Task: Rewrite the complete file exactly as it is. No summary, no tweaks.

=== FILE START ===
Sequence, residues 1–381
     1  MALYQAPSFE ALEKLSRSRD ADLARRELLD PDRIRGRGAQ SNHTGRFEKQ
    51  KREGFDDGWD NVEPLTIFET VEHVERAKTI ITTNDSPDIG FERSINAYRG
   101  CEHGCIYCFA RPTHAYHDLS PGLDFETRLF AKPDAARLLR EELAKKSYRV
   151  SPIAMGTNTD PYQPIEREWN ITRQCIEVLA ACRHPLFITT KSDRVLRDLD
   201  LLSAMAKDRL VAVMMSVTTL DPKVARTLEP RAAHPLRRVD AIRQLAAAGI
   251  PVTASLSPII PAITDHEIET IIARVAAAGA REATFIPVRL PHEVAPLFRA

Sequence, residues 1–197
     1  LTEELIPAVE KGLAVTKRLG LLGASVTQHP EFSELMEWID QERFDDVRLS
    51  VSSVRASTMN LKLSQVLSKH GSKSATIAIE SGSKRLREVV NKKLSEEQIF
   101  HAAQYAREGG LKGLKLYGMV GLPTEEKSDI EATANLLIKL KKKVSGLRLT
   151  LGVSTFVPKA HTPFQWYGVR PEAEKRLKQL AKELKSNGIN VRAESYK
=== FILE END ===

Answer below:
Sequence, residues 1–381
     1  MALYQAPSFE ALEKLSRSRD ADLARRELLD PDRIRGRGAQ SNHTGRFEKQ
    51  KREGFDDGWD NVEPLTIFET VEHVERAKTI ITTNDSPDIG FERSINAYRG
   101  CEHGCIYCFA RPTHAYHDLS PGLDFETRLF AKPDAARLLR EELAKKSYRV
   151  SPIAMGTNTD PYQPIEREWN ITRQCIEVLA ACRHPLFITT KSDRVLRDLD
   201  LLSAMAKDRL VAVMMSVTTL DPKVARTLEP RAAHPLRRVD AIRQLAAAGI
   251  PVTASLSPII PAITDHEIET IIARVAAAGA REATFIPVRL PHEVAPLFRA

Sequence, residues 1–197
     1  LTEELIPAVE KGLAVTKRLG LLGASVTQHP EFSELMEWID QERFDDVRLS
    51  VSSVRASTMN LKLSQVLSKH GSKSATIAIE SGSKRLREVV NKKLSEEQIF
   101  HAAQYAREGG LKGLKLYGMV GLPTEEKSDI EATANLLIKL KKKVSGLRLT
   151  LGVSTFVPKA HTPFQWYGVR PEAEKRLKQL AKELKSNGIN VRAESYK